CalSavers deadline

The deadline varies by employer size if you have:

  • 5 or more California-based employees: Whether you have full time, part-time, or seasonal employees, you must enroll them in CalSavers, offer a qualified retirement plan through the private market, or prove that you already have a retirement plan in place by June 30, 2022.
  • Over 100 California-based employees: The deadline was September 30, 2020.
  • Over 50 California-based employees: The deadline was June 30, 2021.

If you’re in either of the latter 2 groups, you should already be complying with California’s retirement plan mandate.

CalSavers: Employer obligations

California’s retirement plan mandate is mandatory only for employers. Employees do not have to participate if they don’t want to.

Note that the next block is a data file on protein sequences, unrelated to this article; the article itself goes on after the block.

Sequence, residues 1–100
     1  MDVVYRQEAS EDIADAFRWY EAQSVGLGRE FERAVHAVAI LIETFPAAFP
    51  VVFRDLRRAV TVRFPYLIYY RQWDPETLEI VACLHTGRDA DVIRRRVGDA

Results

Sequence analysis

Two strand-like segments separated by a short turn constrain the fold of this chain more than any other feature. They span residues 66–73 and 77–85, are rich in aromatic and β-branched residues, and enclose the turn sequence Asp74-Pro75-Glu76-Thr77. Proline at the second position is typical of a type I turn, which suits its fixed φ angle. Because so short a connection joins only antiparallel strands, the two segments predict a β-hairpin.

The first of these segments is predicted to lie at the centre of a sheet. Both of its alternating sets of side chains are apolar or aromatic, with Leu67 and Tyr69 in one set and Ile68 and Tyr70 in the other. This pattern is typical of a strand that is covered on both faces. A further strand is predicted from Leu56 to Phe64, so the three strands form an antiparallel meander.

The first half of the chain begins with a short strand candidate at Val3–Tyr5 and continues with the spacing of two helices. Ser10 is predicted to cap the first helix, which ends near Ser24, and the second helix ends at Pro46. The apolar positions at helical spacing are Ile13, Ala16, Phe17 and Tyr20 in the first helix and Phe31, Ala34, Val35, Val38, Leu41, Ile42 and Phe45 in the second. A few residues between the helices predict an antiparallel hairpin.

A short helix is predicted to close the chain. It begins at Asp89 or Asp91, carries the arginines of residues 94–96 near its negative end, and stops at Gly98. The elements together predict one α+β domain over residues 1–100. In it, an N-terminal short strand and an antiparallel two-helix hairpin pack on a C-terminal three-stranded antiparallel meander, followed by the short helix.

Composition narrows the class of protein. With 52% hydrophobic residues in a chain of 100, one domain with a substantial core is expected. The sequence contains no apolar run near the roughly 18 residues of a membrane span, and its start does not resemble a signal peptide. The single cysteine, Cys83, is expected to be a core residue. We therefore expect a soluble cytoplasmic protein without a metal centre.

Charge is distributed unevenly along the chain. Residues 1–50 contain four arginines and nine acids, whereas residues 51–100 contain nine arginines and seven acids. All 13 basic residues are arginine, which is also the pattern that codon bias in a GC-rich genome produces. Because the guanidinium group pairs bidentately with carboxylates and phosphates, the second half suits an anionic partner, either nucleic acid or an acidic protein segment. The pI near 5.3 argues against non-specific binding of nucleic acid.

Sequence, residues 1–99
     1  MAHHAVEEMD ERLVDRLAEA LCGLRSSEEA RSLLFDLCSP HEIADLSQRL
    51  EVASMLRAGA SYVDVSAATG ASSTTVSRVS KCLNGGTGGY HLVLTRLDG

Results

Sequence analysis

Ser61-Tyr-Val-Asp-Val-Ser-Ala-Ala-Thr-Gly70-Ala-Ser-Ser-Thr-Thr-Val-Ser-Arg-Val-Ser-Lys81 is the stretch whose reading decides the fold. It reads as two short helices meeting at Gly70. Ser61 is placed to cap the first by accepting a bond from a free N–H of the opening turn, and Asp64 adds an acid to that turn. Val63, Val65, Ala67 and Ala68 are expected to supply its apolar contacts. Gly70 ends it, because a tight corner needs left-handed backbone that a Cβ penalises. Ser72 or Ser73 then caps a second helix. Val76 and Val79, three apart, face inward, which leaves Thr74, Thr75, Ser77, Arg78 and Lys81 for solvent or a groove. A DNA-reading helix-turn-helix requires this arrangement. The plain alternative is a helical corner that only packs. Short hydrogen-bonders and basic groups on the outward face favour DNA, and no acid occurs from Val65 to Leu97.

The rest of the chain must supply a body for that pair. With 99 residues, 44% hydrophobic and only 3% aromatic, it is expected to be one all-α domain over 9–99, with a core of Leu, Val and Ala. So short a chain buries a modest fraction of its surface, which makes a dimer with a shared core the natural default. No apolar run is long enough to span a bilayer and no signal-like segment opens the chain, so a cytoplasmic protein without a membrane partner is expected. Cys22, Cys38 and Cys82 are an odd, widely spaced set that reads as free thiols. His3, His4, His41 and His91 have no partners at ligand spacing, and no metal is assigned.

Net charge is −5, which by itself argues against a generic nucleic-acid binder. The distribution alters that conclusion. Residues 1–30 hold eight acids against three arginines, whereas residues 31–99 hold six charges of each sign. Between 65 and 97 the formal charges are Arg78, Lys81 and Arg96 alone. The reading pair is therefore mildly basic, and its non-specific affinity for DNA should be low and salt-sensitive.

California’s retirement plan mandate is mandatory only for employers. Employees do not have to participate if they don’t want to.

If you decide to offer CalSavers instead of a private-market retirement plan, here are some of your responsibilities:

  • Register with CalSavers. The fastest way is through the CalSavers website.
  • Give CalSavers the required information for each eligible employee.
  • Follow up with your employees to verify whether they received their CalSavers information packet.
  • Deduct employees’ CalSavers contributions from their wages, on an after-tax basis.
  • Do not make any contributions to your employees’ CalSavers accounts. Only employees can contribute.
  • Do not deduct more than the Internal Revenue Service’s annual Roth IRA limit from participating employees’ wages.
  • Submit all CalSavers payroll deductions to the program’s administrator.
  • Make sure your employees know what they need to do to opt out of CalSavers.